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As we move toward this season's home stretch, it's becoming more and more important to make trades that will help you gain ground fast. Often, you'll have to give up something great to get something great, but you can pick up value if you take the time to figure out which players are likely to trend down in the coming weeks and deal them for players who should be trending up.
Of course, there's nothing new under the sun, and by this point in the season, most fantasy owners are well aware of the strengths and weaknesses of their players, but there's always differences of opinion, and those differences are where you can pick up players who might be able to help you down the stretch.
What follows is a list of some players who should be getting better during the second half of the season, followed by a list of guys who will probably be getting worse.
|Rajon Rondo's scoring average is its lowest since his second year in the league.|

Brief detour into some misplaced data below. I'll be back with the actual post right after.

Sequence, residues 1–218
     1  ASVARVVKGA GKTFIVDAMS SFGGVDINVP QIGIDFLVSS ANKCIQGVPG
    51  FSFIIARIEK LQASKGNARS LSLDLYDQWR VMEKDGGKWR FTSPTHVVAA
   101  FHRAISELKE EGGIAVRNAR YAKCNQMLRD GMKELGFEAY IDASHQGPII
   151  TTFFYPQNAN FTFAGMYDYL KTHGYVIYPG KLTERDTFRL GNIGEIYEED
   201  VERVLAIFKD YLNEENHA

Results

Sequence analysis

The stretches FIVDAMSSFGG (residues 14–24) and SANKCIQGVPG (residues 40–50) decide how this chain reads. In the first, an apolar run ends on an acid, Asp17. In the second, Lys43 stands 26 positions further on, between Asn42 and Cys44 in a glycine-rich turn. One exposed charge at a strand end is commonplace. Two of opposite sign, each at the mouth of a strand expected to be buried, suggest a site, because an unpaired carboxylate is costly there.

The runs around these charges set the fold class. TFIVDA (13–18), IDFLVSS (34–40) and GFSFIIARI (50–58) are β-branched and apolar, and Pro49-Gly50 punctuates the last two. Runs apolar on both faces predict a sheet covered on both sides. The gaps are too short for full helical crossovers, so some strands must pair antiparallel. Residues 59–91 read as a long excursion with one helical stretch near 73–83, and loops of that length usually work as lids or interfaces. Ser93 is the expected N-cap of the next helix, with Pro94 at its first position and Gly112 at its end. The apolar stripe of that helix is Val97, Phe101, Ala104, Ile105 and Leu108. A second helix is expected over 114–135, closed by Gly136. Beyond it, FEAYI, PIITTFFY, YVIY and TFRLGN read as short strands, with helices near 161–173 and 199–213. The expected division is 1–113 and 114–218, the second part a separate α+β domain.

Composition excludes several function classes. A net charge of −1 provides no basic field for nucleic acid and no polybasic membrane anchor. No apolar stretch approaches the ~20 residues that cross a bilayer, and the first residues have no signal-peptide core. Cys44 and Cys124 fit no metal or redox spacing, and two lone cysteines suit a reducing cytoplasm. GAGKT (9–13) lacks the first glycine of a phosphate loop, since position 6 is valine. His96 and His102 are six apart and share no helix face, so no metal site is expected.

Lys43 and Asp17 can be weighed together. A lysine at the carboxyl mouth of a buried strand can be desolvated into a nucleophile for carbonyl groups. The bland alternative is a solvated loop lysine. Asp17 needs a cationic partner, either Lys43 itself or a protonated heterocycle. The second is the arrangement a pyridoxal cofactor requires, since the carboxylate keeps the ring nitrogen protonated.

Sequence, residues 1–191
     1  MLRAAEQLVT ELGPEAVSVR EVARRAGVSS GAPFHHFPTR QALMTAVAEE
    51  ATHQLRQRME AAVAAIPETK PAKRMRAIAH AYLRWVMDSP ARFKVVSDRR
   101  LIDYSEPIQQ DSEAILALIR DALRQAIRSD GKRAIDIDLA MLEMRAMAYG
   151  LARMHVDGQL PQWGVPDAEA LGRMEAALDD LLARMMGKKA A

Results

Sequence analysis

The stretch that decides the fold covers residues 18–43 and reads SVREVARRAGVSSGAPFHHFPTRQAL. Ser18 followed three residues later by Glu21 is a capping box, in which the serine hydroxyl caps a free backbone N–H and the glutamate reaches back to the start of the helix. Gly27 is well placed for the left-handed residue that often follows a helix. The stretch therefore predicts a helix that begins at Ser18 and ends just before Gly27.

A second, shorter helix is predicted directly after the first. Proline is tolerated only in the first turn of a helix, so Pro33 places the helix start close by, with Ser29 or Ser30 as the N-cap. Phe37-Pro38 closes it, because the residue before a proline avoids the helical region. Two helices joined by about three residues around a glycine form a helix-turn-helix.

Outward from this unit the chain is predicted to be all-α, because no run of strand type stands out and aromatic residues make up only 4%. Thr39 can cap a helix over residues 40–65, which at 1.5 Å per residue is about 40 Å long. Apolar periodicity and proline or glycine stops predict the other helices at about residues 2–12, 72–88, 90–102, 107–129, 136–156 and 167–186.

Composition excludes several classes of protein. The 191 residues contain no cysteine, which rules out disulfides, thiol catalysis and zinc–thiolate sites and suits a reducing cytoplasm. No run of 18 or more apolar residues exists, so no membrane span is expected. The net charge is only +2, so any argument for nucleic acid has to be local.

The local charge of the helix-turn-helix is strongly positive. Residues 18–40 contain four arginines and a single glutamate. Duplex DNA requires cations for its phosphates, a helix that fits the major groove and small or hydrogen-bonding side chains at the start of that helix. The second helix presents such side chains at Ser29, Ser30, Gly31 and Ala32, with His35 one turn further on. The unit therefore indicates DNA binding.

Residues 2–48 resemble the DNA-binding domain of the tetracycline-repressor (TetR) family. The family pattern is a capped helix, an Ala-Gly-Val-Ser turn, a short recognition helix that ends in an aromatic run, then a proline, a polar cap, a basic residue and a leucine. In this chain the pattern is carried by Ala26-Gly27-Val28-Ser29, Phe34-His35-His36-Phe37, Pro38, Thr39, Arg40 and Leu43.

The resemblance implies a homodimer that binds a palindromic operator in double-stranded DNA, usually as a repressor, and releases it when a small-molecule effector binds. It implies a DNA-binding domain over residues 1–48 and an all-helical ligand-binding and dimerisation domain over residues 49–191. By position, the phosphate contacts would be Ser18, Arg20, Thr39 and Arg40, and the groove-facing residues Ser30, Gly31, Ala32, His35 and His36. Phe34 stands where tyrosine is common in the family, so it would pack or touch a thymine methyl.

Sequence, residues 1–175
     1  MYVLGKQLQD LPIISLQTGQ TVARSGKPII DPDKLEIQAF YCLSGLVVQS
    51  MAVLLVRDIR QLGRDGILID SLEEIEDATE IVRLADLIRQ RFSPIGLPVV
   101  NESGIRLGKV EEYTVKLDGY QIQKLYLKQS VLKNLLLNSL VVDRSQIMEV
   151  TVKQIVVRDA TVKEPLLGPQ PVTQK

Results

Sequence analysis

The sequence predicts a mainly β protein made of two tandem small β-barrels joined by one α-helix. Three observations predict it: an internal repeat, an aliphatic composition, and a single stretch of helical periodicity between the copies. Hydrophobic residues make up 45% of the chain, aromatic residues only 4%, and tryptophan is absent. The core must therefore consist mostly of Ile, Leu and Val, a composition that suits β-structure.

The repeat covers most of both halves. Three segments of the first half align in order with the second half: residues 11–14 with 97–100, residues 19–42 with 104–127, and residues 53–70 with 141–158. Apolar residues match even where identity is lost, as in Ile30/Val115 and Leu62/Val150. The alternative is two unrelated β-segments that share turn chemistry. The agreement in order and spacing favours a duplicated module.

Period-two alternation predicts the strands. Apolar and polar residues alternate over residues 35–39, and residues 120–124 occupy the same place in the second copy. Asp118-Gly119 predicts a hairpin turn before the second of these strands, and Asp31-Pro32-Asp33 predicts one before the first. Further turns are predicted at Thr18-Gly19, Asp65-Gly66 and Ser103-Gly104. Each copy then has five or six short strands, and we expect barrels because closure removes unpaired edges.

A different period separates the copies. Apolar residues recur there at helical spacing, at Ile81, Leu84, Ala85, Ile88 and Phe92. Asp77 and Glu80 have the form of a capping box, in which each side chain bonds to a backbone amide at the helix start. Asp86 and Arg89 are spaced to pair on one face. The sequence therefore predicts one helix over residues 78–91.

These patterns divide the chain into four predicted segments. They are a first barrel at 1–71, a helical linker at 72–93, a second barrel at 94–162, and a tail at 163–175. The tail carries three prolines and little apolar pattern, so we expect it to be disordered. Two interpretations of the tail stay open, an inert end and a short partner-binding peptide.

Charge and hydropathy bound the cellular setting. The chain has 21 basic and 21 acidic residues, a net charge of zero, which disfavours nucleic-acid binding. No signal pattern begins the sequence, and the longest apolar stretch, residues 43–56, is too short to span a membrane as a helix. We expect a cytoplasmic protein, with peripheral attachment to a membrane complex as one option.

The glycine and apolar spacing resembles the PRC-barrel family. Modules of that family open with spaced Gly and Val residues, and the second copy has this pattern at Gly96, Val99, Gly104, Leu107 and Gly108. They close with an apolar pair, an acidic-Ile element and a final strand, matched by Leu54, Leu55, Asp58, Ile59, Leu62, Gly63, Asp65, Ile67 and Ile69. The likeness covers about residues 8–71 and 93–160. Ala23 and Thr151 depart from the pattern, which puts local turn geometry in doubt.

Rajon Rondo, PG, Boston Celtics (50): Rondo's fallen on hard times due to some injuries (not only to himself, but to his teammates) and some major struggles from the free throw line. After shooting 62 percent from the line last season (and 64 percent the season before), Rondo is currently shooting 52 percent from the line and it is really doing a number on his overall fantasy value. While his assists, as everyone knows, are up this season, his scoring is down significantly, and it speaks to the growing issue that he seems reluctant to shoot. On the other hand, Rondo shot 58 percent from the line in January, which would seem to point to him at least starting to regain what little form he had last season. If he can add the little extra scoring punch he had last season to his league-leading assist total, he's going to come a lot closer to justifying the top-20 pick many people used on him in fantasy drafts.